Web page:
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The premier went further in the December news conference by suggesting that the title claim “strikes at the heart of our forestry industry” while raising concerns about environmental responsibility. A more equitable and just sharing of resources in Canada is at the heart of what our Constitution’s recognition of Aboriginal rights is all about. The Wolastoqey have stronger traditions of, and greater knowledge about, protecting their lands and resources than do federal and provincial governments. Any attempt to instill fear of the Wolastoqey among workers in the forestry industry, is simply racism.

Admittedly, the claim creates uncertainty. This is true of all litigation. As Aboriginal law scholar John Borrows points out: “The Crown cannot give to others what it does not itself possess.” Thus, private ownership that has its source in Crown title is not secure on lands that are, in fact, Aboriginal title lands, as the Crown itself lacks underlying title. It is really the Crown that has created the uncertainty by attempting to give private parties that which it does not possess itself.

Borrows makes the wise observation that “As far as possible, courts, Parliament, legislatures, and Indigenous governments must do all they can to ensure no-one is unjustly deprived of the benefits of their long-settled expectations regarding land use and occupation – and this goes for both Aboriginal title holders and third-party or private land interests.”

If one party to a dispute is not prepared to engage in good faith negotiation to achieve a just result, however, litigation may be the other party’s only option. Unfortunately, this is the position in which the Wolastoqey find themselves.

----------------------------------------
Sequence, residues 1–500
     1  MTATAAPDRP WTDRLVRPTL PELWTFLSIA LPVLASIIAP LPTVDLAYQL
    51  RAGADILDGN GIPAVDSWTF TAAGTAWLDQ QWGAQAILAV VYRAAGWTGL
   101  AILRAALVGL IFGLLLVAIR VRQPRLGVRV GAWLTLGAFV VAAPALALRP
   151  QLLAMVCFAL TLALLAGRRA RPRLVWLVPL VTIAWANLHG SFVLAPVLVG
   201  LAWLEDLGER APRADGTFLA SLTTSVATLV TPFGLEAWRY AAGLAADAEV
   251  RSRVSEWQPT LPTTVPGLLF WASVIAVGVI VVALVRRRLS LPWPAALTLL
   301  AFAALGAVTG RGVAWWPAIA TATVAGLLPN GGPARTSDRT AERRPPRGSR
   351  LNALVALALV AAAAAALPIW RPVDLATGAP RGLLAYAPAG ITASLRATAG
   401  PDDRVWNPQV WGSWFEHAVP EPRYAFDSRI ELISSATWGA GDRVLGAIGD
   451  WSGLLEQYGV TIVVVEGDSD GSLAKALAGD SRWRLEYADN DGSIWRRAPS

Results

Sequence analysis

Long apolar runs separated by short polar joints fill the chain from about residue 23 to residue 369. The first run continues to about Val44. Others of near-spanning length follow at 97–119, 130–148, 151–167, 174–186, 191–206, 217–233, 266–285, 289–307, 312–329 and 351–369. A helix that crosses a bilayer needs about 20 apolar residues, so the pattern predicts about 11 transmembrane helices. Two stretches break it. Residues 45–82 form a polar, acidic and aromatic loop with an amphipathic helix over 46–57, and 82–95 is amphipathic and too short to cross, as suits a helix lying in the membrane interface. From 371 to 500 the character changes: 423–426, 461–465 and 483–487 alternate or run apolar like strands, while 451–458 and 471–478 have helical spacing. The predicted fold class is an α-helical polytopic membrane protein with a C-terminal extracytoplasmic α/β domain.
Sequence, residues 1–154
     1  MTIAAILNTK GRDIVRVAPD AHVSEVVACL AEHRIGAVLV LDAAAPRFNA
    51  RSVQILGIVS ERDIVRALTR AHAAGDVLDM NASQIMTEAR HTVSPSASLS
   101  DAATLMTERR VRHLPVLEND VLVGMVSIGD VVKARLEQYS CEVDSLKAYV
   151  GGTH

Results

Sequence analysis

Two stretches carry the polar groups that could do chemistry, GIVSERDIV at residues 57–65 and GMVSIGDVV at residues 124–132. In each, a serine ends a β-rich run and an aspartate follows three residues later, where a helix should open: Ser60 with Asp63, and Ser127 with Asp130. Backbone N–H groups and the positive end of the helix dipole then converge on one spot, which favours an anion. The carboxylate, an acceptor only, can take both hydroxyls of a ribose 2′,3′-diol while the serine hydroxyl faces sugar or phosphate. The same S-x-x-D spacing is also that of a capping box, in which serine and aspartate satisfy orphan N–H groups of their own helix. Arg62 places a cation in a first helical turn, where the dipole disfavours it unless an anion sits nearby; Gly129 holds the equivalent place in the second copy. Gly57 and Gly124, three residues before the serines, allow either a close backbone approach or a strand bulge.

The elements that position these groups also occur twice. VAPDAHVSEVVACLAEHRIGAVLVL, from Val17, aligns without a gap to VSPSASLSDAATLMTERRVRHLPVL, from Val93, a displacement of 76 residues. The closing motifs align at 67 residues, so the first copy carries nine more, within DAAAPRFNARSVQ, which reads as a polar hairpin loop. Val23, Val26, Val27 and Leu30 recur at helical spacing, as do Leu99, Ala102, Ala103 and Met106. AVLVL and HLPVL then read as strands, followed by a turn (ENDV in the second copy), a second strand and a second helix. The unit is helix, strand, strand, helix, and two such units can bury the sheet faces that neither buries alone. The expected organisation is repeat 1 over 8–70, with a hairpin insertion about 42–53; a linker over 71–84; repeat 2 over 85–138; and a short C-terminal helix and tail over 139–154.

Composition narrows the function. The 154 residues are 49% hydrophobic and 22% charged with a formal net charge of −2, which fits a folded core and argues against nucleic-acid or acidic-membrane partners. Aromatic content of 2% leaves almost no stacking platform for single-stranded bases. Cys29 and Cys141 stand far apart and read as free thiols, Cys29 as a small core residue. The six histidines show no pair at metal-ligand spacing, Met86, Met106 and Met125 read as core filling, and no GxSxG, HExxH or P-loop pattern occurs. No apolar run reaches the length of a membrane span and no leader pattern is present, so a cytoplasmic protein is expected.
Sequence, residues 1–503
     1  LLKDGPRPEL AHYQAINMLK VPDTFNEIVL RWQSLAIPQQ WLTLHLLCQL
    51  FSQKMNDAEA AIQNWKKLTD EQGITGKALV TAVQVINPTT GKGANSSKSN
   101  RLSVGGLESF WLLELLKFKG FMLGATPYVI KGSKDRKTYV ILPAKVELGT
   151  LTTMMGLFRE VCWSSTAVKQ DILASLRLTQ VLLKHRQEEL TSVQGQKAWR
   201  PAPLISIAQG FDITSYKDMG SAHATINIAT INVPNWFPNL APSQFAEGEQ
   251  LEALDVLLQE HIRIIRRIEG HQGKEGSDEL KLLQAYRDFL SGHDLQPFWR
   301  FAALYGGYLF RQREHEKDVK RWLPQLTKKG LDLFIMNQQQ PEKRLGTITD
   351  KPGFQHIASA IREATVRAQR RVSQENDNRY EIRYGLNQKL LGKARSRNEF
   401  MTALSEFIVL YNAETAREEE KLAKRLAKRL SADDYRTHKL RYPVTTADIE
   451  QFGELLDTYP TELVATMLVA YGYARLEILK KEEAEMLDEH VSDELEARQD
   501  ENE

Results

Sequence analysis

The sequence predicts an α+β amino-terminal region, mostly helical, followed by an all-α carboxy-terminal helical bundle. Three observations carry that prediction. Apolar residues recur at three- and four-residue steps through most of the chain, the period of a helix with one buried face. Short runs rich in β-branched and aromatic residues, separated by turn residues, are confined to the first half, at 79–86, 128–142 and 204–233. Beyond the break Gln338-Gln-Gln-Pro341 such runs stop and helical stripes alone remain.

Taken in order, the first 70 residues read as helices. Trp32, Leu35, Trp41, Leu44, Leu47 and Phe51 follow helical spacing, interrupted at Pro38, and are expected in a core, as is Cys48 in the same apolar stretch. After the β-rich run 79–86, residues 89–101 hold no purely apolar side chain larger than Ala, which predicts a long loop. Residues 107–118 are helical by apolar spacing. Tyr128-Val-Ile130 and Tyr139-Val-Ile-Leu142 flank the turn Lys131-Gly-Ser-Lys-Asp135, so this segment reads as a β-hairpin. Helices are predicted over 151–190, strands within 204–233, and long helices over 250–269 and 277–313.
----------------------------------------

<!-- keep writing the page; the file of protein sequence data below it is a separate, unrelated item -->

This government’s strategy of sowing fear and division in response to the Wolastoqey Nation title claim demonstrates, unfortunately, that this government is not interested in a reasonable approach to the constitutional reality that the territory of the Wolastoqey was never ceded nor surrendered to the Crown. Dunn’s claim that “the province is dedicated to ensuring its relationship with First Nations is respectful and based on sound principles that provide real benefits … where all First Nations prosper” sounds hollow given this government’s actions.

The government of New Brunswick needs to stop engaging in the politics of fear and, instead, begin to build a relationship of reconciliation with the Wolastoqey Nation. It’s disappointing that there’s been no evidence of any effort made so far.

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Ian Peach
Ian Peach has worked in senior positions in federal, provincial and territorial governments; at universities across Canada; as director of a public policy institute; as a dean of law; in non-governmental organizations; and as a public policy consultant.
Naiomi Metallic
Naiomi Metallic is from the Listuguj Mi’gmaq First Nation in Quebec. She is a full-time faculty member at the Schulich School of Law at Dalhousie University and holds the Chancellor’s Chair in Aboriginal Law and Policy. Prior to joining the law school, she practised law for nearly a decade with Naiomi Metallic is a Mìgmaq from the Listuguj First Nation, an associate professor and chancellor’s chair in aboriginal law and policy at the Schulich School of Law at Dalhousie University and counsel with Burchell Wickwire Bryson LLP in Halifax. LLP, in Halifax, and remains an active member of the firm’s Aboriginal law practice group.